Moving any mission critical workload to the cloud can be daunting, but deploying HANA in the cloud requires a special understanding of the options. There is still some confusion and misconceptions around what it takes to implement and run HANA in a multi-tenant environment, while still being in compliance with business continuity requirements. It is important for businesses to understand the HANA deployment alternatives and architectural design before selecting the best fit for their business continuity requirements.
One major barrier to entry for HANA has been the considerable hardware investment required to support the platform. Memory heavy appliances can be quite expensive and architects must design with this in mind. There is always a balance between cost and the resiliency of the high availability and disaster recovery design. This is not unique to HANA, but paying $100,000 to over $1m per appliance necessitates that many alternatives are considered before deciding on a final design.
One HANA deployment alternative is virtualized HANA (vHANA). Leveraging vHANA can provide significant cost benefits to a customer. First, customers can eliminate the big upfront CAPEX investment of a HANA appliance. Next, it is also possible to take advantage of the vSphere tools for high availability and disaster recovery. This would eliminate the need for two dedicated HANA systems; one for high availability and one for disaster recovery. Bear in mind that the cloud provider must have the correct architecture in place and the additional vHANA capacity to accommodate any failover that may occur. Finally, depending on the cloud service provider, there may also be an option for consumption based billing, so customers will be billed based on the resources used instead of the resources allocated. Consumption based billing can be very beneficial to the customer considering that HANA often has a large amount of memory and CPU sitting idle.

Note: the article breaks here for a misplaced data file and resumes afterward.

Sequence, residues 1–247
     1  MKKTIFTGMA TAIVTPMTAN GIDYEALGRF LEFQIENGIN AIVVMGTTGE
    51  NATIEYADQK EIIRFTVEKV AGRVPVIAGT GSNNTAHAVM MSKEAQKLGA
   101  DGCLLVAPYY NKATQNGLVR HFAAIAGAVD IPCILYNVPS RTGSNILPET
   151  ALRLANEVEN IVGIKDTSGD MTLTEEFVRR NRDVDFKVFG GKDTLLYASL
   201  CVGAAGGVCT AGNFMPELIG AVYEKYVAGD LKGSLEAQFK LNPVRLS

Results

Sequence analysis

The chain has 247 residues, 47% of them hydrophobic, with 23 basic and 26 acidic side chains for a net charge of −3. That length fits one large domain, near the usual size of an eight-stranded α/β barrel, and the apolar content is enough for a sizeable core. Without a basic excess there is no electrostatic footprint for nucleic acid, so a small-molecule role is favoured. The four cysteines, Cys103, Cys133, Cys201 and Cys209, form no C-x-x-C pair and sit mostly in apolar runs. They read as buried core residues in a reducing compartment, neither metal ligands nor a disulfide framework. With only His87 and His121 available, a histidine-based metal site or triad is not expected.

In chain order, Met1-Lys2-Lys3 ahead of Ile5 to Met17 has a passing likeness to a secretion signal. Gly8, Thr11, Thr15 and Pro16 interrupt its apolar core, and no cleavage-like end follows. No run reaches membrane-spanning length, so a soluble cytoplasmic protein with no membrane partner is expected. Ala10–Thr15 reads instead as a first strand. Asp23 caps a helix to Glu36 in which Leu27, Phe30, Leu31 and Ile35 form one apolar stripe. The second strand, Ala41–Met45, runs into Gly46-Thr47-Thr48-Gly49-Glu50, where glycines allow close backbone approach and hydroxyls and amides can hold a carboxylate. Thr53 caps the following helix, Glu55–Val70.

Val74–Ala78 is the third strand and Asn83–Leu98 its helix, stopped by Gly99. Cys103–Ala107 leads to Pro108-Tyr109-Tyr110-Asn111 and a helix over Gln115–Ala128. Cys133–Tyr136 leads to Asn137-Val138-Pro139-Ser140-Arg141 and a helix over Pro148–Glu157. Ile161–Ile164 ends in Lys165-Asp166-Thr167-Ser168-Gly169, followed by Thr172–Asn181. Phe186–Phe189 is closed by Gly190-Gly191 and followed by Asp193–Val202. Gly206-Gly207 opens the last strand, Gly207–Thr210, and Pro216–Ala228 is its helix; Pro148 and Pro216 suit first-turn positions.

Even with the expanding virtualization support, many HANA implementations will still require physical appliances. This is relevant for both scale-up and scale-out scenarios. For scale-out high availability scenarios the option is to add one or more standby nodes that can takeover for any active node that happens to fail. There are a couple of options for scale-up high availability implementations. One is similar to scale-out by utilizing GPFS or a storage adapter where, in the event the primary node fails, the standby node would take over the persistent layer and load data into memory. The other option for scale-up high availability is HANA System Replication (HSR). HSR will use a combination of snapshots and logs to replicate data to the target system. The benefit of HSR is a quicker recovery time objective (RTO) because data can be pre-loaded into memory. HSR and storage level replication are also relevant for DR to send data to a target system in a secondary data center.
It is critical for HANA architects to understand the various options and what impact each will have on cost and RTO/RPO. Working with a cloud service provider that has extensive experience in architecting HANA in the cloud is crucial not only in ensuring a successful HANA deployment, but also in ensuring that business continuity and disaster recovery requirements are met.